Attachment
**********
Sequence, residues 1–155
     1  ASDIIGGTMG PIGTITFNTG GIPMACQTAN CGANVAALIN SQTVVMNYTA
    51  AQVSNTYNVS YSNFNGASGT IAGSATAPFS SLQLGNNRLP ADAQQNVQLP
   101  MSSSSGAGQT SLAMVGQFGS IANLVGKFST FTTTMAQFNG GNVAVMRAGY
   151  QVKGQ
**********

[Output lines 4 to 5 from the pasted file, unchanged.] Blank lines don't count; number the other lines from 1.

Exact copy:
   101  MSSSSGAGQT SLAMVGQFGS IANLVGKFST FTTTMAQFNG GNVAVMRAGY
   151  QVKGQ